Background: To determine the effects of etidronate (a bisphosphonate that inhibits osteoclast-mediated bone resorption) in the treatment of postmenopausal osteoporosis, we conducted a prospective, two-year, double-blind, placebo-controlled, multicenter study in 429 women who had one to four vertebral compression fractures plus radiographic evidence of osteopenia.
Methods: The patients were randomly assigned to treatment with phosphate (1.0 g) or placebo twice daily on days 1 through 3, etidronate (400 mg) or placebo daily on days 4 through 17, and supplemental calcium (500 mg) daily on days 18 through 91 (group 1, placebo and placebo; group 2, phosphate and placebo; group 3, placebo and etidronate; and group 4, phosphate and etidronate). The treatment cycles were repeated eight times. The bone density of the spine was measured by dual-photon absorptiometry, and the rates of new vertebral fractures were determined from sequential radiographs.
Results: After two years, the patients receiving etidronate (groups 3 and 4) had significant increases in their mean (+/- SE) spinal bone density (4.2 +/- 0.8 percent and 5.2 +/- 0.7 percent, respectively; P less than 0.017). The rate of new vertebral fractures was reduced by half in the etidronate-treated patients (groups 3 and 4 combined) as compared with the patients who did not receive etidronate (groups 1 and 2 combined) (29.5 vs. 62.9 fractures per 1000 patient-years; P = 0.043); the effect of treatment was most striking in the subgroup of patients with the lowest spinal bone mineral density at base line, in whom fracture rates were reduced by two thirds (42.3 vs. 132.7 fractures per 1000 patient-years; P = 0.004). The addition of phosphate provided no apparent benefit. There were no significant adverse effects of treatment.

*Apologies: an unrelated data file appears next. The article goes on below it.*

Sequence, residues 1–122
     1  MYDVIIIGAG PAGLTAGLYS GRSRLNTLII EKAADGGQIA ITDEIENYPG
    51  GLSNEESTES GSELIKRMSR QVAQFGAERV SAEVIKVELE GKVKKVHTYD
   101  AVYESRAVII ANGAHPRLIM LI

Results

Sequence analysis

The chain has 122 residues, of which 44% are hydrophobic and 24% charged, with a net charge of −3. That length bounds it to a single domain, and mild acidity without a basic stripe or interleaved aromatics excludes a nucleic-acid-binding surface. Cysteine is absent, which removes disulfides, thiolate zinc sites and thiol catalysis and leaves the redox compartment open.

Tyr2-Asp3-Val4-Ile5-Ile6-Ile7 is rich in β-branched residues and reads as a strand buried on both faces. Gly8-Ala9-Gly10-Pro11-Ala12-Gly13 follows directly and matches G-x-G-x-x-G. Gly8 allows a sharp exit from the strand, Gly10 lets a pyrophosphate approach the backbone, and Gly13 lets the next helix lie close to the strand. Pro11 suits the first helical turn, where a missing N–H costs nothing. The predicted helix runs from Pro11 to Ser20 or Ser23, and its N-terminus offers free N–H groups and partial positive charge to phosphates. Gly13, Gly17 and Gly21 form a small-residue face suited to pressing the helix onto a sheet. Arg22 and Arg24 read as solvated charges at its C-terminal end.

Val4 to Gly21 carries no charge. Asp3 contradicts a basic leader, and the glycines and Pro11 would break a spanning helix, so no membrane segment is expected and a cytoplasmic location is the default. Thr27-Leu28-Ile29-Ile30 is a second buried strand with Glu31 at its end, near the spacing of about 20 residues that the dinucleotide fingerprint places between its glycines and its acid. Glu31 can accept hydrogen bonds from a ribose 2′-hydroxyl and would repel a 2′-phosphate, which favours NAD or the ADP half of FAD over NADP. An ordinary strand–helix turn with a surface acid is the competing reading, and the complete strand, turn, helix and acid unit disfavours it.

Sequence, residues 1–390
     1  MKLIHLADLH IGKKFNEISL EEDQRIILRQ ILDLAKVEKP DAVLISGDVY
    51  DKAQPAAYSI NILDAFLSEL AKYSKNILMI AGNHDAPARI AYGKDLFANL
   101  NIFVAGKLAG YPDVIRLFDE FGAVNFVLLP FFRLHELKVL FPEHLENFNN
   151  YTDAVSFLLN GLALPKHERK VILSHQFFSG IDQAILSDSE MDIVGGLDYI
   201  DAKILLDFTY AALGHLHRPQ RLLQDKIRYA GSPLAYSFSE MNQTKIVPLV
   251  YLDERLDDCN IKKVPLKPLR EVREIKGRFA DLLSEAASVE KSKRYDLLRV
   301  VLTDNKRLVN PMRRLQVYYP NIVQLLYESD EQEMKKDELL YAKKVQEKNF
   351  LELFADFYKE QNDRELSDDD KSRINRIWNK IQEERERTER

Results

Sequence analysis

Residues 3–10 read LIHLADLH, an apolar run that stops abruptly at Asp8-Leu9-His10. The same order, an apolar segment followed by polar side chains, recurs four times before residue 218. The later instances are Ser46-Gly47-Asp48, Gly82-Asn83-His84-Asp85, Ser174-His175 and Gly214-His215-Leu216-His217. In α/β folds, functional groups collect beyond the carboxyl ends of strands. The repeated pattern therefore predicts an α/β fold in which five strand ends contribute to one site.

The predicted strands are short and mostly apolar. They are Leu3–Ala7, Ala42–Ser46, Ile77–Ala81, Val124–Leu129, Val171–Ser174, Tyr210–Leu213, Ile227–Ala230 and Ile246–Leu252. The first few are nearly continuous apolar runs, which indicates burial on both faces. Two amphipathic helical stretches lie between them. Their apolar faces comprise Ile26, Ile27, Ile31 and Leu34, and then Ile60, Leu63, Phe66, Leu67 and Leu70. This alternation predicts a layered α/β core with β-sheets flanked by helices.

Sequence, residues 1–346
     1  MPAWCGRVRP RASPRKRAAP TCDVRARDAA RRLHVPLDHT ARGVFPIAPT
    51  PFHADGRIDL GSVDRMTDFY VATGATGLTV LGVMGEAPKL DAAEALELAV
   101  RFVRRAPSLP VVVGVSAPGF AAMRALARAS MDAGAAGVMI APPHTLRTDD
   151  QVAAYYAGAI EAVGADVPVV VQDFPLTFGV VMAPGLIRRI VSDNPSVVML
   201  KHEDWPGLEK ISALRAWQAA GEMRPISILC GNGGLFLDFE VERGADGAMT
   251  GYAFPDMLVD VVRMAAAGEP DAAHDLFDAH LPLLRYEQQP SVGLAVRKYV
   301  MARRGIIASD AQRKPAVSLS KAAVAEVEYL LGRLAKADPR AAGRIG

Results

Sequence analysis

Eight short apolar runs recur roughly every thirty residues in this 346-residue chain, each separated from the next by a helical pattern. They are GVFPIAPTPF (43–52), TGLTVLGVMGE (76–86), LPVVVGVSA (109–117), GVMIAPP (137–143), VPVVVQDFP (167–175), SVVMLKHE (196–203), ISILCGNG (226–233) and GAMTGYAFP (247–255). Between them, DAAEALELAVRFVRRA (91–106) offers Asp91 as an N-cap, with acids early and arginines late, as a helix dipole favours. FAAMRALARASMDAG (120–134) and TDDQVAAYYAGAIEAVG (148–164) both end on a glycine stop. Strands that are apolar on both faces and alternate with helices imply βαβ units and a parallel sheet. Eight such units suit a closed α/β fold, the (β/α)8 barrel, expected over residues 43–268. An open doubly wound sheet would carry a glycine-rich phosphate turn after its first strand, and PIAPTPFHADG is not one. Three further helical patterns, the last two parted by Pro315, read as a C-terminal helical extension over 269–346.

Conclusions: Intermittent cyclical therapy with etidronate for two years significantly increases spinal bone mass and reduces the incidence of new vertebral fractures in women with postmenopausal osteoporosis.